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Re: Edinburgh language event: February 2020

Postby David27 » Sun Feb 02, 2020 2:34 pm

Looks like a great lineup! Love the idea of Celtic/Scots/old English focus weekend conference! I really wish I had known about this earlier, as I would love to visit Scotland and attend this conference, and I have vacation then so could have worked out, but already have plans to go South at that time. The only negative is planning an event in Scotland during the winter... it would be a much easier sell first week of June or July.

Where is the best place to get info about these events ahead of time? I usually make plans somewhere 3-6 months before I have vacation... so need a bit more advance notice.
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Re: Edinburgh language event: February 2020

Postby iguanamon » Sun Feb 02, 2020 4:44 pm

Ladino and its online community will be one of the topics along with other minority/endangered/revived languages.
Edinburgh Language Event wrote:The Positive Impact of Digital Homelands on the Language Revitalization of Diasporic Languages: the case of Ladino: By virtue of their nature, diasporic languages often lack a unified geographical territory, which prevents their intergenerational transmission. However, in recent decades there has been a significant trend in the emergence of digital homelands (Held, 2010), i.e., virtual communities where the diasporic language in question is used as the only means of communication between users. According to Held, virtual communities are not just mere spaces for communication, but they have the potential to become “a territory where a culture may be revitalized after having faced a state of severe decline”, which has also been referred to as a “kingdom of the word” (Shandler, 2004), or “a national language of nowhere”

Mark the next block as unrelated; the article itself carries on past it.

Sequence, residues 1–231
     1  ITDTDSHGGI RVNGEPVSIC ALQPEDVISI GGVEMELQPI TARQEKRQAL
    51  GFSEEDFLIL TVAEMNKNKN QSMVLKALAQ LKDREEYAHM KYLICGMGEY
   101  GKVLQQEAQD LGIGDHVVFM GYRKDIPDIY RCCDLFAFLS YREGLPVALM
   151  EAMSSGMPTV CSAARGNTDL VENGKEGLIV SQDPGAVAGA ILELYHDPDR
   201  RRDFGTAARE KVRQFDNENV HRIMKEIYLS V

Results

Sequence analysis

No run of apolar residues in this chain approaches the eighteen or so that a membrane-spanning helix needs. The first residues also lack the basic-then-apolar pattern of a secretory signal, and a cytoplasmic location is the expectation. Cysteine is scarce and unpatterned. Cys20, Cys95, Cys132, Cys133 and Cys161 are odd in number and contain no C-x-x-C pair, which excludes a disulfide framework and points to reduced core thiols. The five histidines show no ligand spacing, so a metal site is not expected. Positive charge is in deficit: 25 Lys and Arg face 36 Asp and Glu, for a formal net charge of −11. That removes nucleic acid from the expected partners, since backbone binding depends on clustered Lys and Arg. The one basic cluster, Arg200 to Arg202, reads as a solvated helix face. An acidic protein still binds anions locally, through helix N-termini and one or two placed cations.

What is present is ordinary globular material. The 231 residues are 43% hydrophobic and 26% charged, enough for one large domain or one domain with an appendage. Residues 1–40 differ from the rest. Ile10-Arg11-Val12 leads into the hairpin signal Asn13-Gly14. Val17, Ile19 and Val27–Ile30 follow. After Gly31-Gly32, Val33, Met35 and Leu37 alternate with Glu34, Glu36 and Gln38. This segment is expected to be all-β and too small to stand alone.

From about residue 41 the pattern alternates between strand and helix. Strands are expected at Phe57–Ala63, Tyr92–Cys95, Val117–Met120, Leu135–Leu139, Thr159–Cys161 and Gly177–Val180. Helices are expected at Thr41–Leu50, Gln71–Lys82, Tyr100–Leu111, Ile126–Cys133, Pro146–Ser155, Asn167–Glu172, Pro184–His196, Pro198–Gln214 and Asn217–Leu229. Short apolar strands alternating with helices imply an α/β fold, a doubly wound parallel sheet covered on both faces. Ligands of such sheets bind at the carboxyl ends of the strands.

The revival of Manx is an interesting topic about which I would love to know more.
Edinburgh Language Event wrote:Back from the dead: the revival of Manx: